Rec department explores lifeguard training
Recreation Director Dave Sniffen gave his end-of-season report to the Recreation Board, and discussed the staffing difficulties he had
over the summer.
“It was a tough year for staffing all the way around,” Sniffen told the board. He said he had started the season with seven lifeguards. “We lost two in July because they wanted to go on vacation before they started school. We lost another one because I caught her smoking pot at work. And one left us to go to a better-paying job in Misquamicut,” he said.
The two students leaving in July were most surprising for Sniffen. “I hadn’t experienced people wanting to leave early for vacation,” he said.
Only two lifeguards were left by the end of the season. Recreation Board Chair Gail Heinz asked Sniffen how many lifeguards he wanted to have on duty.
“Seven. We want five on duty every day. Three in the chairs, one on first aid duty, and one on break. Then we rotate them through,” he replied. His depleted staff was working overtime by the end of the season to cover the shifts and help keep the beach safe for swimmers, Sniffen relayed to the board.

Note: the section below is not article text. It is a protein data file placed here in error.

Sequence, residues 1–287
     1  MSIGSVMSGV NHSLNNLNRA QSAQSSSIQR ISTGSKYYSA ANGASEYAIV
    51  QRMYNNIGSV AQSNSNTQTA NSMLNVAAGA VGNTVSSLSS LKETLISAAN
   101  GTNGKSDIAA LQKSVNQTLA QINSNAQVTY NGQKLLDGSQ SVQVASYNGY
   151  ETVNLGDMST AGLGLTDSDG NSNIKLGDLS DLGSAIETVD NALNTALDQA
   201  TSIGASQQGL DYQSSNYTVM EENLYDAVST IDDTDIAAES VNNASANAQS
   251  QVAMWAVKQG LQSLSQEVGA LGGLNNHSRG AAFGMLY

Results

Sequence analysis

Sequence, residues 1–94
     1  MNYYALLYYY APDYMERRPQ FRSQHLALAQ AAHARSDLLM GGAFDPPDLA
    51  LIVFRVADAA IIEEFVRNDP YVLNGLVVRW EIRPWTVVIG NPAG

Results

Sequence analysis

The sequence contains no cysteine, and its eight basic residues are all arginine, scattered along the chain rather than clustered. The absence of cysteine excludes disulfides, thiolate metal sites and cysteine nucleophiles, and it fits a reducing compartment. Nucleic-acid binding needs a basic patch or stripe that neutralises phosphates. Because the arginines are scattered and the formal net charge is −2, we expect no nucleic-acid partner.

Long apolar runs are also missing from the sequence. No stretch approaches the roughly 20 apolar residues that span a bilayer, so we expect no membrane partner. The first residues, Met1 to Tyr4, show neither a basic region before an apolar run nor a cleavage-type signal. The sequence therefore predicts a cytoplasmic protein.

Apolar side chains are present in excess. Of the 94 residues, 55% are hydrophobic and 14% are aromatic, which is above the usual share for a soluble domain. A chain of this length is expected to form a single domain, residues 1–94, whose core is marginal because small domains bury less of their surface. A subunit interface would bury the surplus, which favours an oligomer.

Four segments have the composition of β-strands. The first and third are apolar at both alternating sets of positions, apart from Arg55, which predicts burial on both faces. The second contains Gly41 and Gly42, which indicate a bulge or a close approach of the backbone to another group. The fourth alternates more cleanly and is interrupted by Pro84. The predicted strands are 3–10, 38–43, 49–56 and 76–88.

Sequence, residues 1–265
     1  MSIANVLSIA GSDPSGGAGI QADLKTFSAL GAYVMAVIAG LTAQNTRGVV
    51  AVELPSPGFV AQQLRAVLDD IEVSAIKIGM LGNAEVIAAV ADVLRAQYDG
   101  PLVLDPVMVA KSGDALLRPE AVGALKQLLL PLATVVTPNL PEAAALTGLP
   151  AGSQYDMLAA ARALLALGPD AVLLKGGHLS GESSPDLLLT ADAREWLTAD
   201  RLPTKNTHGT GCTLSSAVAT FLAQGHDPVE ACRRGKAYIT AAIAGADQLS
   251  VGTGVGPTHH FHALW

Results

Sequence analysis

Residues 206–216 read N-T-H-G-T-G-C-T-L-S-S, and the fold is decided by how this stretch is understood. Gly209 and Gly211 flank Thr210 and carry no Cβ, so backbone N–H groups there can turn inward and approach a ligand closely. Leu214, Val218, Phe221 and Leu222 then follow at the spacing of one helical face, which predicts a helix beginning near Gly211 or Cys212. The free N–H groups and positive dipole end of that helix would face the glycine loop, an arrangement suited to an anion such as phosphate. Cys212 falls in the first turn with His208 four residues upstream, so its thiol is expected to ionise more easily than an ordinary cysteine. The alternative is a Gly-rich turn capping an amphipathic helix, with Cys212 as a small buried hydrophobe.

Fred Benson Town Beach is generally safe, with Sniffen reporting only two water rescues in six years. Lifeguards on the beach might be bored, he hinted.
“Most of our calls are medical, cuts and jellyfish stings. It’s not like on Baywatch,” Sniffen explained. “You aren’t going to make 20 water saves and solve a drug ring problem on the beach.”
Despite the seemingly laid back atmosphere of lifeguard duty on Block Island, Sniffen still sometimes struggles to fully staff the big red chairs.
One solution he is considering is establishing a lifeguard training program for island youth. In the state of Rhode Island, people can become a certified lifeguard at 16.
Sniffen told the board that the town’s insurance company employed a Narragansett company, Life Safety Solutions, to evaluate the beach and lifeguard programs on the island this summer. Life Safety Solutions also provides lifeguard certification and expressed interest in coming out to the island in partnership with the Recreation Department to offer lifeguard classes.
“We can use Champlin’s pool,” Sniffen said. “It’s a good way to start a program and get some island kids into life-guarding.”
Sniffen told the board he thought free training and a job offer with the Rec Department would be a good incentive for local teens to get the certification.
“Hopefully in the spring we will be able to offer the training to our high school students,” he said.
Sniffen told the board he was creating a flier to put up at the school, to gauge the students’ interest, and he hoped the program could help to offset “the hiring problems for lifeguards and help to alleviate the housing issues.”
The Rec department had several local teens on the payroll already this year, renting beach chairs and umbrellas, and Sniffen said he hoped some of those kids would be interested in the lifeguard certification program as well.